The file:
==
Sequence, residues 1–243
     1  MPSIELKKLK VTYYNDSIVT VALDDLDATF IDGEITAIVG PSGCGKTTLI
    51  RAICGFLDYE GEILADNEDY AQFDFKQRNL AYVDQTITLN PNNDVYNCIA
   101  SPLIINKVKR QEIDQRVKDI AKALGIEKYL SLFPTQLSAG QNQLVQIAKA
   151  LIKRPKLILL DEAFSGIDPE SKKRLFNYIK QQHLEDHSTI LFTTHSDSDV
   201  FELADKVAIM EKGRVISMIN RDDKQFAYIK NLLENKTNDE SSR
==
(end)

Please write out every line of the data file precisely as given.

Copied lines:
Sequence, residues 1–243
     1  MPSIELKKLK VTYYNDSIVT VALDDLDATF IDGEITAIVG PSGCGKTTLI
    51  RAICGFLDYE GEILADNEDY AQFDFKQRNL AYVDQTITLN PNNDVYNCIA
   101  SPLIINKVKR QEIDQRVKDI AKALGIEKYL SLFPTQLSAG QNQLVQIAKA
   151  LIKRPKLILL DEAFSGIDPE SKKRLFNYIK QQHLEDHSTI LFTTHSDSDV
   201  FELADKVAIM EKGRVISMIN RDDKQFAYIK NLLENKTNDE SSR